Right job, Right time: An effortless action plan for a gorgeous garden – Febuary

Now that the worst of the winter darkness has passed; the days are getting longer and the sun is gaining strength, plants are starting to think seriously about waking up for the year ahead.  Buds will start to swell, and the early bulbs will start to flower.  There are a few timely tasks to do this month to set yourself up for a great garden through the spring and summer.

Cut back roses – for detailed advice and ‘how to’ guides I suggest referring to the RHS website https://www.rhs.org.uk/advice/profile?PID=186 , but as a general rule, prune back shrub and hybrid tea roses to 1/3 of their height, choosing an outward facing bud and cutting about an inch above it at a 45o angle.  Rambling roses are best pruned in late summer, removing the stems that flowered that year and tiying in the new growth for the following year, but climbers can be pruned now.  Remove 1-2 of the oldest looking stems as close to ground level as possible, and cut down remaining stems by 1/3 -1/2 keeping the heights of stems slightly different each time so as to look more ‘natural’, rather than sheared!

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Prune Acers (Japanese maples) as they start to show signs of buds swelling slightly.  This swelling indicates that the sap is starting to rise, and so any bacteria introduced from pruning cuts will move out of the stems rather than in, thus reducing the chances of disease and die-back.  Aim to thin out crowded and crossing branches, and reduce the stems to the size of plant that you want (remembering it will grow over the year!)

Cut back grasses, perennials and ferns ready for the new growth in spring

Move and plant any shrubs during this month

“Feed the birds”.  We’ve said it before, but we’ll say it again!  Please keep putting out food and water for hungry birds, including those visiting us over winter from colder climes.  Sunflower hearts are hugely popular for many species of bird, and ground feeders will appreciate foods high in fat and protein – specialist ground feeding mixes, mealworms, or cheese, oats and egg.

Sowings of many summer bedding plants, such as geranium, petunia and nicotiana along with some perennials, can be made in a propagator, in a heated greenhouse or on a windowsill at a temperature of approximately 21ºC (70ºF),. Take care not to sow too thickly or over-water as this can lead to the seedlings damping off (small patches of them suddenly dying for no apparent reason). Many people find that it’s best to pour the seed into the palm of their hand first, rather than sowing it directly from the packet. If seed is very fine, it can be mixed with silver sand to make it easier to sow thinly and evenly across the surface of the compost. Also during this month cuttings may be taken from chrysanthemums that have been over-wintered.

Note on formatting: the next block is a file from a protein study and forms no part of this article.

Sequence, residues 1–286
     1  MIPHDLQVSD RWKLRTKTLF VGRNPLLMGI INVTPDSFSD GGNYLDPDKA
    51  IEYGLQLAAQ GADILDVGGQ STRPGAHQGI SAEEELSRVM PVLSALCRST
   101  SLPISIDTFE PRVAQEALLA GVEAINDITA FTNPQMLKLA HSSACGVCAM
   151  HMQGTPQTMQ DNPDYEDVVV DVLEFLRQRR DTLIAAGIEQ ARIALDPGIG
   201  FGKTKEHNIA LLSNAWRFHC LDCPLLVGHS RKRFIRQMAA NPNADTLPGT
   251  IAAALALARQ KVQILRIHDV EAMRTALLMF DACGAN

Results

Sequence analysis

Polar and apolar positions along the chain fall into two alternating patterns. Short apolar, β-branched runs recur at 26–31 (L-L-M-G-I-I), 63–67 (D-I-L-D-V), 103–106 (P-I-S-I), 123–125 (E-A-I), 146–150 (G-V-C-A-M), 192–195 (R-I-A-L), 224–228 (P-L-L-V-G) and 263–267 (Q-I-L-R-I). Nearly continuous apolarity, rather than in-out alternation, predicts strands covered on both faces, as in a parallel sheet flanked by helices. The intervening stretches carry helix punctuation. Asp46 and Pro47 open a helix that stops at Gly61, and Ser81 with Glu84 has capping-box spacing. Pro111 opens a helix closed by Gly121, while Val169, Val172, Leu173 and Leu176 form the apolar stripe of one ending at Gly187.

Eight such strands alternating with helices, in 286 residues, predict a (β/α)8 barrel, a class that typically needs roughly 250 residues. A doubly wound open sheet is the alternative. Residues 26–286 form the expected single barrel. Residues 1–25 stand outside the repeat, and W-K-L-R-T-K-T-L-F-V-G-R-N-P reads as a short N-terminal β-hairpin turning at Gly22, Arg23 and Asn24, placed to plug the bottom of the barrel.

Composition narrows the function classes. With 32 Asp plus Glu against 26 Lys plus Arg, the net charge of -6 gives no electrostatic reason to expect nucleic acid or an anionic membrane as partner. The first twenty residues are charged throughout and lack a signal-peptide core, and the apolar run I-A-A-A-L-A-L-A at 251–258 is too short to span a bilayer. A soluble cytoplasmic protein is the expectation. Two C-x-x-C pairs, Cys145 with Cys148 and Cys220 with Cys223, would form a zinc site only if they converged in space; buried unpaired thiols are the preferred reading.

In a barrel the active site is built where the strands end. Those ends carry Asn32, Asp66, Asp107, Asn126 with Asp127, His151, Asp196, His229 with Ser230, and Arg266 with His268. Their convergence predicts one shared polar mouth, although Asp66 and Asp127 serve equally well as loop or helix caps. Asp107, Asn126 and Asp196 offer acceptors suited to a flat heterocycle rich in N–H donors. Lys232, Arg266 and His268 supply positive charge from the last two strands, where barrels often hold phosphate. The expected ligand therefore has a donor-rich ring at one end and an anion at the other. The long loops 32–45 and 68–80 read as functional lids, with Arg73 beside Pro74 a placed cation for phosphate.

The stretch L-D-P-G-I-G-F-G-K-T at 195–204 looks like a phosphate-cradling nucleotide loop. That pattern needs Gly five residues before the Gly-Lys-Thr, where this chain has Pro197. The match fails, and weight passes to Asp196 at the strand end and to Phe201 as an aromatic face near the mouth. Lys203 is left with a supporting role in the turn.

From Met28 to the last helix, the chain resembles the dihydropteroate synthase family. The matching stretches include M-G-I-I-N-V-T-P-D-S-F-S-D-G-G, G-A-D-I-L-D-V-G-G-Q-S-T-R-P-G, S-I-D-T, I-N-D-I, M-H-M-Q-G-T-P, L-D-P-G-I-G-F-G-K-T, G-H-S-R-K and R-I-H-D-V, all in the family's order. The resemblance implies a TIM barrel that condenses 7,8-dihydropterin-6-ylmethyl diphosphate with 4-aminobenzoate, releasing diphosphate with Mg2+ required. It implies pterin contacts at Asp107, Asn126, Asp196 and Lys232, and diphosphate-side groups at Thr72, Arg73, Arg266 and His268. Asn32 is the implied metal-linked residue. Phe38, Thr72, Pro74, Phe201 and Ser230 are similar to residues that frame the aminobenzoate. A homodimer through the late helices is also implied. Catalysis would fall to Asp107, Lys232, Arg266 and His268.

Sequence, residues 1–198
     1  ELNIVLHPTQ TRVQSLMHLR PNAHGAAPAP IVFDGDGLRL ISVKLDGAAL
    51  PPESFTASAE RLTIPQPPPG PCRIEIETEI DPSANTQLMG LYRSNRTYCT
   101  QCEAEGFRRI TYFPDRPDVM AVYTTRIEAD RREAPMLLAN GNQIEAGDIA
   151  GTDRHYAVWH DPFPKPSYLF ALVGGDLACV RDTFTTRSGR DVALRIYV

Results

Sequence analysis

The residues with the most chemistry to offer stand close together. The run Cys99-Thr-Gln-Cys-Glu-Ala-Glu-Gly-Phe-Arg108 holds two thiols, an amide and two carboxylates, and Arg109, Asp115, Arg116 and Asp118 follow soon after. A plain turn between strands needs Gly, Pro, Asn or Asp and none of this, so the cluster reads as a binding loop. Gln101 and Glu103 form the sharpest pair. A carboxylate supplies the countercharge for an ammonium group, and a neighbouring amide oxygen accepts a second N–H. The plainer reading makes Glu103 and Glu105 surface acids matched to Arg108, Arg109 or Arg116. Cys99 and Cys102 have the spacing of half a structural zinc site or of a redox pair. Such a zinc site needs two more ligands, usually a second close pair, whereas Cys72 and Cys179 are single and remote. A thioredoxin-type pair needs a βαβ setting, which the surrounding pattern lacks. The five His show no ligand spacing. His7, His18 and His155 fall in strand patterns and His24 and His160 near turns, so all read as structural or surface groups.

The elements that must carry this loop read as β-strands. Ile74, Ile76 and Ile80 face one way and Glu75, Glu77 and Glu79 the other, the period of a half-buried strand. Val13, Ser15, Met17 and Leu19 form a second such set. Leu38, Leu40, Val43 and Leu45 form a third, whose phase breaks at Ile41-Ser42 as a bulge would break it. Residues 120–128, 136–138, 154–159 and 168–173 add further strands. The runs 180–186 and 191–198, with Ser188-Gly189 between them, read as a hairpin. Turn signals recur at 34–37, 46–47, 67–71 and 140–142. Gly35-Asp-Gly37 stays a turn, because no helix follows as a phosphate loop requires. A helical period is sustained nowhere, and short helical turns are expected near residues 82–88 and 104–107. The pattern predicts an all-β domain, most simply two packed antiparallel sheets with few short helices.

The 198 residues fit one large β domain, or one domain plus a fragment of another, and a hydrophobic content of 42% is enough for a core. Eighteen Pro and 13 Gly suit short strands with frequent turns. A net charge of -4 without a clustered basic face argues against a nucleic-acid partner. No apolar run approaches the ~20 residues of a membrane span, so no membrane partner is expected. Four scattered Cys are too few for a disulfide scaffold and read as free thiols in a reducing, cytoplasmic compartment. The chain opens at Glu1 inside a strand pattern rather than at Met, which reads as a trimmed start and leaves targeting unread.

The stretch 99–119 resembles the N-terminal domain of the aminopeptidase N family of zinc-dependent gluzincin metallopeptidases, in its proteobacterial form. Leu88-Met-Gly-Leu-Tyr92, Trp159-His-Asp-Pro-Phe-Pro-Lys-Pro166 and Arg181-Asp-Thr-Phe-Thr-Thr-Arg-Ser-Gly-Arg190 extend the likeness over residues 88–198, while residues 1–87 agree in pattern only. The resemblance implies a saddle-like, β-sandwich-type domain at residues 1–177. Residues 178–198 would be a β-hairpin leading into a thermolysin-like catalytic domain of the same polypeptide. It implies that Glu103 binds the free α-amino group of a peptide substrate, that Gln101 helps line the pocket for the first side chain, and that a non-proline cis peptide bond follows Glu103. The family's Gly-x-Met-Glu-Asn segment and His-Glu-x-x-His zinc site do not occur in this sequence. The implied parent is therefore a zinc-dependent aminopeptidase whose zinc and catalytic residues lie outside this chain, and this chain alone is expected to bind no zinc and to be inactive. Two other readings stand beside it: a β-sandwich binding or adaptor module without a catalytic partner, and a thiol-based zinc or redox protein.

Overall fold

Vegetables that can be sown now include broad beans, peas, leeks, onions, peppers and aubergines (the latter two in pots in the greenhouse)

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Remember to regularly deadhead pansies, primulas along with other winter/spring bedding plants as, depending on the temperature, you may find they flower at varying times. Also by removing faded flowers this will help to prevent seeds setting which in turn reduces flower performance.

This month is also a great month to renovate lawns or lay new turf.

Series: 20 ways to make your garden a sanctuary

20 ways to make your garden a sanctuary

Welcome to this new series which will showcase 20 ways you can make your garden more enriching, engaging and enlivening for you and all the family.  Over the course of 12 months, you will discover tips, tricks and techniques to help you create your own sanctuary, just like we do for our ‘good causes’ here at Project Nurture.  .

Creating a garden is about more than just a few shrubs, mowing the lawn in summer, and a place to grow some veggies.  Your garden could and should be a place of relaxation, restoration, and revival; a special place which is a joy to be in and to use.  These 9 top tips will help you to think about how to make your garden your sanctuary.

  1. Wonder at wildlife

Choose nectar rich flowers such as sedums, buddleia, chives and asters, and you’ll enjoy an impressive show of helpful insects including butterflies, bees, hoverflies and lacewings.  It’s a perfect relationship – we provide food and nourishment, they eat pests and enrich our garden with movement, colour and life.  Make sure to provide a bird bath too, the birds will be very grateful and reward you with their cheerful twitterings and playful activity.

Hungry goldfinch!

Hungry goldfinch!

  1. Light the way

Create a restful atmosphere in the evening with subdued lighting.  And the good news is that you don’t have to call out an electrician.  Candlelight is a quick and easy way to give you style on a budget.  It’s also a great way to try out different lighting effects and how you might want to illuminate the garden more permanently in the future with electric lights.  Another option is solar lights.  These can often be picked up fairly cheaply at the beginning of the summer in shops and supermarkets.  You can also get solar fairy lights which look delightful all year round strung around a favourite tree.  Lighting is a great way to extend your enjoyment of the garden in the evenings and shorter days.  Another idea is to use mirrors – they are a great way to bounce light around, and create a sense of space and intrigue at the same time.